In the light of the recent events at a BT network centre in Paddington (London, UK), where a series of compound failures caused a massive outage with huge knock-on effects, I’m sure many businesses are taking another look at their own (and their suppliers) availability with a view to beefing up business continuity.
Within the spirit of continuous improvement this should be taken as an opportunity to improve the overall ’system’ rather than finger pointing.
What is business continuity?
Quite simply, business continuity is how you can stay in business (and meet your customers demands) in the wake of a disaster (whether a localised incident such as flooding or a further reaching issue like a terrorist attack). Your plan will typically cover all the business critical functions, systems and data.
So what is high availability?
High availability (or HA) is the way that system designers ensure ‘operational continuity’ of a system. This will typically involve ensuring that the system has no single point of failure (and for really fault tolerant systems there should also be no single point of recovery).
One of the common mistakes that people often make is getting confused between availability and scalability. Scaling is usually described in terms of vertical (bigger boxes) or horizontal (lots of boxes) scaling - horizontally scaled systems often have a degree of high availability whereas vertical scaling is potentially a bigger risk as you lose more capability when you lose a bigger box.
How do redundancy and diversity fit into the picture?
The phrase ‘belt & braces’ describes this nicely - two different ways of achieving the same goal.
One example might be having multiple (diverse) suppliers provide network connections to a building; in data centres it is common to have a (redundant) backup generator - though this is usually coupled with a battery-based UPS (uninterruptible power supply) to provide seamless failover.
But we’ve got this new fangled Cloud thing
Let’s attempt to clarify what ‘cloud computing’ means - there are a number of different types of on-demand services that run ‘in the Cloud’:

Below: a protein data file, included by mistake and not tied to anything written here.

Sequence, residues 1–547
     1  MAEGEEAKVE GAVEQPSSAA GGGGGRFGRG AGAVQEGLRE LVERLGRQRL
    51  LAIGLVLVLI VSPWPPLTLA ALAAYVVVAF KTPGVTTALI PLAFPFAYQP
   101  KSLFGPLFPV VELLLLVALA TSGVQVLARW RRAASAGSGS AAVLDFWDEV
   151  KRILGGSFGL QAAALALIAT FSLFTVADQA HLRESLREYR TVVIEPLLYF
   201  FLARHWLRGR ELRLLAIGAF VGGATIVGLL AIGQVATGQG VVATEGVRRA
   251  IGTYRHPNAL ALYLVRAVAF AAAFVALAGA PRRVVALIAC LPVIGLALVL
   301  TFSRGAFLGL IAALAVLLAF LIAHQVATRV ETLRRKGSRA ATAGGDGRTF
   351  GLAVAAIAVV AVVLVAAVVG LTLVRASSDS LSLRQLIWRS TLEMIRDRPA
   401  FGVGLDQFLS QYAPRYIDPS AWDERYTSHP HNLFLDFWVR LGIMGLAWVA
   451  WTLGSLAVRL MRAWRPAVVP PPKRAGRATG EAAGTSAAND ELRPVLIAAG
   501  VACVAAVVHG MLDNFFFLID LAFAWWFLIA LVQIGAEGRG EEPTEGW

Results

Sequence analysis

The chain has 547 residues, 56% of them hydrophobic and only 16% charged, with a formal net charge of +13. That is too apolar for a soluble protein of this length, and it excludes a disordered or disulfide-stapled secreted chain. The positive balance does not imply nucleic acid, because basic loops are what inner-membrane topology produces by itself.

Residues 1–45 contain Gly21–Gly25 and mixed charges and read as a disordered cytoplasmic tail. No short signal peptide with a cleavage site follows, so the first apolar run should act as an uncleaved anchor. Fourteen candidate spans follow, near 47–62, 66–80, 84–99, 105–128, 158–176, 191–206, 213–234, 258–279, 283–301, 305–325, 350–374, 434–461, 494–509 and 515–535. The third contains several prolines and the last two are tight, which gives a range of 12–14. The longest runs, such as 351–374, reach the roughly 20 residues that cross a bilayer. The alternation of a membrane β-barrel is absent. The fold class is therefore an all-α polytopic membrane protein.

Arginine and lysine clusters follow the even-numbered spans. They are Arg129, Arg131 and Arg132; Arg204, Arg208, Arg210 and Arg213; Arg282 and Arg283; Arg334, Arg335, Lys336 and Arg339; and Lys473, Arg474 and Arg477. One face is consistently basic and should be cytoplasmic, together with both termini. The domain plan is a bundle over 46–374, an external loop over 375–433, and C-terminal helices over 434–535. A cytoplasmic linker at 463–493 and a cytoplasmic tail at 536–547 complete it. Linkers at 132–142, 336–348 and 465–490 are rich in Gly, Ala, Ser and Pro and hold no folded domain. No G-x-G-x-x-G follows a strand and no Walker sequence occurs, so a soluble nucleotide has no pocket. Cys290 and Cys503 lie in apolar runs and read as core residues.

- IaaS - Infrastructure as a Service
- PaaS - Platform as a Service
- SaaS - Software as a Service
- IaaS - Infrastructure as a Service
This category splits into:
- Virtual Private Server (VPS) providers such as Slicehost allow businesses to rent a fixed size virtual server on demand for a set monthly fee
- Elastic computing providers such as Amazon EC2 allow businesses to have a virtual machine image that can grow to meet requested demand (vertical scaling).
PaaS - Platform as a Service
Platform as a Service providers offer application-hosting platforms (again these can be of fixed-size or scalable) so that application developers can focus on adding business value rather than needing to worry about the underlying infrastructure. Google AppEngine is one example of this approach for Java & Python applications.
SaaS - Software-as-a-Service
Software-as-a-Service provides access to business software over the Internet for a set monthly fee. This can either be multi-tenanted, where multiple companies share a system, or with separate installations per customer. One of the major SaaS success stories is SalesForce.com who started with a CRM on-demand offering.
Public vs. private vs. hybrid clouds
We’ve already discussed public cloud offerings above; a private cloud is typically an on-premise or a dedicated outsourced managed cloud platform (e.g. using the open source Eucalyptus or VMWare vCloud). A hybrid cloud is where a private cloud is used in conjunction with one or more external cloud providers.